neuropathy

neuropathy (nu-rop´a-the)

1. A classical term for any disorder affecting any segment of the nervous system. 2. In contemporary usage, a disease involving the cranial nerves, or the peripheral or autonomic nervous sytems.neuritis (2); [neuro- + G. pathos, suffering]
asymmetric motor n. 1. n. in which the loss of function is more marked in the extremities of one side of the body; 2. old term for diabetic polyradiculopathy.
brachial plexus n. neuralgic amyotrophybrachial neuritis;
chronic interstitial hypertrophic n. progressive hypertrophic polyneuropathy
compression n. a focal nerve lesion produced when sustained pressure is applied to a localized portion of the nerve, either from an external or internal source; the main source of injury is the pressure differential that exists between one portion of the nerve and another.
dapsone n. a peripheral n. that develops in patients taking dapsone (4,4-diaminodiphenylsulfone); unusual features include being a pure motor n., and beginning in the hands, sometimes asymmetrically.
diabetic n. a generic term for any diabetes mellitus-related disorder of the peripheral nervous system, autonomic nervous system, and some cranial nerves.This most commonly occurring of the chronic complications of diabetes takes two forms, peripheral and autonomous. The peripheral type causes a dulling of the sensations of pain, temperature, and pressure, especially in the lower legs and feet, and may be treated with drugs (e.g., amitriptyline). The autonomous type results in alternating bouts of diarrhea and constipation, impotence, and reduced cardiac function, and is more refractory.
diphtheritic n. a rapidly developing peripheral n. caused by a toxin elaborated by Corynebacterium diphtheriae.
entrapment n. a focal nerve lesion produced by constriction or mechanical distortion of the nerve, within a fibrous or fibro-osseous tunnel, or by a fibrous band; with these lesions, stretching and angulation of the nerve may be as important a source of injury as compression; entrapment n.'s tend to occur at particular sites in the body.
familial amyloid n. [MIM*176300, various kinds] a disorder in which various peripheral nerves are infiltrated with amyloid and their functions disturbed, an abnormal prealbumin is also formed and is present in the blood; characteristically, it begins during mid-life and is found largely in persons of Portuguese descent; autosomal dominant inheritance. Other rare clinical types occur.familial amyloidosis, hereditary amyloidosis;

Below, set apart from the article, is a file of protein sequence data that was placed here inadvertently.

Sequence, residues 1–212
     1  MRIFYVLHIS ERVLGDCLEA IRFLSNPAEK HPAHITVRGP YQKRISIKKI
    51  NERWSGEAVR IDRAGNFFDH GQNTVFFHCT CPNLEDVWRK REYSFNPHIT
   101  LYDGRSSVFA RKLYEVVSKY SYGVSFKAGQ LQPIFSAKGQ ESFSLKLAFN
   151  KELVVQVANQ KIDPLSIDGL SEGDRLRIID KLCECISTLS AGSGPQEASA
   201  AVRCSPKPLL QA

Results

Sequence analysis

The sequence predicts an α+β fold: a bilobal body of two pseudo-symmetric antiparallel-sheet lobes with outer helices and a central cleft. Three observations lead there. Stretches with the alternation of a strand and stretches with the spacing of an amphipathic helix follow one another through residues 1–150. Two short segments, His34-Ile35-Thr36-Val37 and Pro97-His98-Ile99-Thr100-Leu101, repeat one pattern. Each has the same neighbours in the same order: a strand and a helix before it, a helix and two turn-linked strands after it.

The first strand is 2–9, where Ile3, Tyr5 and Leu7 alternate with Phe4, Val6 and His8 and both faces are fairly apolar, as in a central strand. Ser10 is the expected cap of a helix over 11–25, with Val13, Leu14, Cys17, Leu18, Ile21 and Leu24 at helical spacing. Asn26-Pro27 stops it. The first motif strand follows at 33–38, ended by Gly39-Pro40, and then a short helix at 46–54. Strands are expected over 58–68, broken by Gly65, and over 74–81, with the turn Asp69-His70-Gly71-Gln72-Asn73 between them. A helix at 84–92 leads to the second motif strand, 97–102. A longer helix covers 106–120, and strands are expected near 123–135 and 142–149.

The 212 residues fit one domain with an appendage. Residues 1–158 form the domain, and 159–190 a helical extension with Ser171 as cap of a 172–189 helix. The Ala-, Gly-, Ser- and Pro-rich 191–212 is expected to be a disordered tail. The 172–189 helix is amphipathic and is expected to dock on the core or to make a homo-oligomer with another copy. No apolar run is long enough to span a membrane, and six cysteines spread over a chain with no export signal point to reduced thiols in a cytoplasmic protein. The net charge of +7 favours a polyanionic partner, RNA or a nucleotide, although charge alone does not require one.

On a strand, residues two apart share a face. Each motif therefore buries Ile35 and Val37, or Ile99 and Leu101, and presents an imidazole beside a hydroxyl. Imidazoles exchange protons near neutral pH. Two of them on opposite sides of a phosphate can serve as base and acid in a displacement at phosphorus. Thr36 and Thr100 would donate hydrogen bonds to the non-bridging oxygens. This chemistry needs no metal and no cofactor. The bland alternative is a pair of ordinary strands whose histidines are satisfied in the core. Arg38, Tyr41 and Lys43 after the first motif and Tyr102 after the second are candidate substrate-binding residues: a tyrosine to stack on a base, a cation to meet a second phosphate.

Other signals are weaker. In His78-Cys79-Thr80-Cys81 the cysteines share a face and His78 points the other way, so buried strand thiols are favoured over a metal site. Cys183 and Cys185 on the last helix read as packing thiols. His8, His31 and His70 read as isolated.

giant axonal n. a rare disorder beginning at or after the third year of life, and presenting clinically with kinky hair, progressive painless clumsiness, muscle weakness and atrophy, sensory loss, and areflexia. Pathologically, both myelinated and unmyelinated nerve fibers contain axonal spheroids packed with neurofilaments; sporadic in nature.
Graves' optic n. visual dysfunction due to optic nerve compression in Graves' orbitopathy.
heavy metal n. peripheral nervous system disorders attributed to intoxication of one of the heavy metals: arsenic, gold, lead, mercury, platinum and thallium.
hereditary hypertrophic n. [MIM*165000] progressive hypertrophic polyneuropathy
hereditary sensory radicular n. [MIM*162400] n. characterized by the occurrence of severe, relapsing foot ulcerations of neuropathic origin, destruction of terminal digits of feet and hands, and a loss of sensation; autosomal dominant inheritance is associated with onset in the second decade or later.
hypertrophic interstitial n. sensorimotor neuropathy characterized pathologically by collections of Schwann cell processes arranged concentrically around one or more nerve fibers. No genetic factors are known in its etiology.For hereditary types, see hereditary hypertrophic n.
ischemic n. n. resulting from acute or chronic ischemia of the involved nerves.
ischemic optic n. optic nerve n. secondary to hypoperfusion of the low pressure posterior ciliary arteries supplying the optic nerve head (nonarteritic) or to temporal arteritis (arteritic).
isoniazid n. an axonal form of n. seen in some patients treated with isoniazid.
lead n. a peripheral n. reportedly seen in chronic lead intoxication; reputedly characterized by wrist-drop, but no convincing modern reports of this are available.
leprous n. a slowly developing granulomatous n., commonly seen in leprosy, caused by Mycobacterium leprae.
motor dapsone n. a peripheral n. due to ingestion of 4,4-deaminodiphenylsulphone.
onion bulb n. designation for any of several demyelinating polyneuropathies in which the nerves are enlarged, due to onion bulb formation-whorls of overlapping Schwann cell processes encircling bare medullated axons, e.g., progressive hypertrophic polyneuropathy. See hypertrophic interstitial n.
symmetric distal n. polyneuropathy
vitamin B12 n. subacute combined degeneration of the spinal cord

 

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